These are very good questions and need to be asked. However, you will not get a straight answer from the surgeon. I asked these questions to my prospective surgeons. The surgeons financial livelihood depends on convincing you to agree to surgery. They have been asked these questions thousands of times before. They are very skilled in answering in such a way as to get surgeries performed. That is how the real world of surgery works. I was trained as an attorney and used to make my living by asking questions. I found the surgeons answers to be extremely nuanced to the degree that there was not much value to them. In some way it sounds hopeless, however...

I found that I got some very good information by asking the surgeons questions about the different kinds of surgery. They were very forthcoming with good information about the risks for types of surgery they did not perform in their own practice. Once you get that information from that doctor, then you can ask the surgeon that does perform that type of surgery more pointed questions.

toothache said:

If you're looking for surgical relief, you're best served by consulting with your neurosurgeon. It's not a decision that you want to make lightly since surgery can sometimes worsen your pain. It did for me. My family doctor told me to always ask the surgeon:

1) How many of the particular procedure he/she has performed and how often
2) His or her personal success rate and the duration of pain relief
3) What are the complications and how often they occur for that surgeon

And if you're not satisfied with those chances, don't be afraid to ask for a referral to a more experienced surgeon. Surgery is technique dependent so success rates in studies won't necessarily mean that your particular surgeon will have the same chances of success with you. Temporary relief can give you some improved quality of life while you're ruminating on surgery and waiting for appointments.

Good luck!

That's very true, Don. Medicine is a profession where you're paid per patient and per procedure, so there is an issue of financial interest. However, I think getting asked these questions would make me think twice if I were the surgeon, especially liability wise. I hope the OP finds a surgeon of good character.

Don said:

These are very good questions and need to be asked. However, you will not get a straight answer from the surgeon. I asked these questions to my prospective surgeons. The surgeons financial livelihood depends on convincing you to agree to surgery. They have been asked these questions thousands of times before. They are very skilled in answering in such a way as to get surgeries performed. That is how the real world of surgery works. I was trained as an attorney and used to make my living by asking questions. I found the surgeons answers to be extremely nuanced to the degree that there was not much value to them. In some way it sounds hopeless, however...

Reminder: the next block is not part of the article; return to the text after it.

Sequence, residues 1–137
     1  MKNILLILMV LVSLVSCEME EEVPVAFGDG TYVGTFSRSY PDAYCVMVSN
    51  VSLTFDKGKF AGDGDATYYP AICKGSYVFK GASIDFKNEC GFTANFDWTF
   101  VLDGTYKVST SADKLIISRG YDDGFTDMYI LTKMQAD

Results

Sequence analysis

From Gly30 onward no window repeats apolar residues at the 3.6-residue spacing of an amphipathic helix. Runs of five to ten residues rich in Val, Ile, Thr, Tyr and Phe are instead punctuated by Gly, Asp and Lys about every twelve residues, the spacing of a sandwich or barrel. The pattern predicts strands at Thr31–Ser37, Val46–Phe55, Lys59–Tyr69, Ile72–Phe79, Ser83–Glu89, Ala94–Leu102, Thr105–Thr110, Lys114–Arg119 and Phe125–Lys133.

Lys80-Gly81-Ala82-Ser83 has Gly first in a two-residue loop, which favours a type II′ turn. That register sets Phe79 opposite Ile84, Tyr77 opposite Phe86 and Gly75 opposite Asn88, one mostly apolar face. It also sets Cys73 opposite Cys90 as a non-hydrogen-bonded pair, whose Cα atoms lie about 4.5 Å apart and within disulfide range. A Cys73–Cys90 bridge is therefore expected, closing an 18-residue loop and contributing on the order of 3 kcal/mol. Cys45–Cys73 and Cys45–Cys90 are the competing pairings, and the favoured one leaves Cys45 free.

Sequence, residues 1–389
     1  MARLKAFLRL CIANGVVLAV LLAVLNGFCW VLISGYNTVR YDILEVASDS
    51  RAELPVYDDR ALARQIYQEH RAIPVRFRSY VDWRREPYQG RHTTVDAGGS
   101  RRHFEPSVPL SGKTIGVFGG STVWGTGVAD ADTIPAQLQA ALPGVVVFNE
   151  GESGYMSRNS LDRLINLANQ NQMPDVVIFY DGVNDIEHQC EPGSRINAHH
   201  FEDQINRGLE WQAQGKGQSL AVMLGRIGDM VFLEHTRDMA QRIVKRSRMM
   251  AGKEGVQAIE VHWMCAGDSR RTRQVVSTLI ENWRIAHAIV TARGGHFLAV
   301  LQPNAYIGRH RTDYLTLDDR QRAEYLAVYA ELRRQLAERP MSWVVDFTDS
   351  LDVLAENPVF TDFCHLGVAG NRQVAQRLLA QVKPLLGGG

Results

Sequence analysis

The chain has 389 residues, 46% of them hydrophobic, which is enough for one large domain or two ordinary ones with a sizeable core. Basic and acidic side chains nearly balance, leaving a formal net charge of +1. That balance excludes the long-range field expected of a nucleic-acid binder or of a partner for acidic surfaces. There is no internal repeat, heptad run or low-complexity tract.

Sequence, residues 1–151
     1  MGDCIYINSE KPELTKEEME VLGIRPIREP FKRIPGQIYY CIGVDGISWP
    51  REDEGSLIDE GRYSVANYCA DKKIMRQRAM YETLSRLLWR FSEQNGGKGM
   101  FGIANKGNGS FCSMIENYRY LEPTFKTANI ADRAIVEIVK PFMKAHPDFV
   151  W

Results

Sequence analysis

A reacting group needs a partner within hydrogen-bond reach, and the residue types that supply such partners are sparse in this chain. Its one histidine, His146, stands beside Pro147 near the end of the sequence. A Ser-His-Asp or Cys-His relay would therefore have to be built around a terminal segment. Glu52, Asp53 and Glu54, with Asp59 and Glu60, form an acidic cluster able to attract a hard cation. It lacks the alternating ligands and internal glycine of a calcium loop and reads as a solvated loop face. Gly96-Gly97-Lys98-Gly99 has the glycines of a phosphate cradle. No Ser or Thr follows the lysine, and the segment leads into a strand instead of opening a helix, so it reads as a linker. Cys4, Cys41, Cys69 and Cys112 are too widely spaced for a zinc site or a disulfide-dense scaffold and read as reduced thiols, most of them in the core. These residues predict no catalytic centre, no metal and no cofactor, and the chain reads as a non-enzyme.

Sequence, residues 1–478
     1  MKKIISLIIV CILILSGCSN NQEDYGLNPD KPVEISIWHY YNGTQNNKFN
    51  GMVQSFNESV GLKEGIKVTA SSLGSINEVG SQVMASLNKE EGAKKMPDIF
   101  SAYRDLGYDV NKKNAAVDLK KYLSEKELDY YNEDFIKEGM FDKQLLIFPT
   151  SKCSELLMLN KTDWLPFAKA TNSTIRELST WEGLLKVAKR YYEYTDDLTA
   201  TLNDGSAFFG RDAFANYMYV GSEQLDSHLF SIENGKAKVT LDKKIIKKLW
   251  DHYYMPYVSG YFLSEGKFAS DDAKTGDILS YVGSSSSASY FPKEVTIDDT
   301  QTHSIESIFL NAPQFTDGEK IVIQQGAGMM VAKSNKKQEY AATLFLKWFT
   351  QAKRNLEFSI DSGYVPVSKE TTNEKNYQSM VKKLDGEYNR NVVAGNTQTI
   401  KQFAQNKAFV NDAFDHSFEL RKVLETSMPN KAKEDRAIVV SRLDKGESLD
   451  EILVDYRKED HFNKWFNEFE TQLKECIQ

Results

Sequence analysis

I found that I got some very good information by asking the surgeons questions about the different kinds of surgery. They were very forthcoming with good information about the risks for types of surgery they did not perform in their own practice. Once you get that information from that doctor, then you can ask the surgeon that does perform that type of surgery more pointed questions.

toothache said:

If you're looking for surgical relief, you're best served by consulting with your neurosurgeon. It's not a decision that you want to make lightly since surgery can sometimes worsen your pain. It did for me. My family doctor told me to always ask the surgeon:

1) How many of the particular procedure he/she has performed and how often
2) His or her personal success rate and the duration of pain relief
3) What are the complications and how often they occur for that surgeon

And if you're not satisfied with those chances, don't be afraid to ask for a referral to a more experienced surgeon. Surgery is technique dependent so success rates in studies won't necessarily mean that your particular surgeon will have the same chances of success with you. Temporary relief can give you some improved quality of life while you're ruminating on surgery and waiting for appointments.

Good luck!

Well, if you don't ask the questions, you have no one to blame but yourself. Ignorance is not bliss, in fact, with TN it can be quite painful.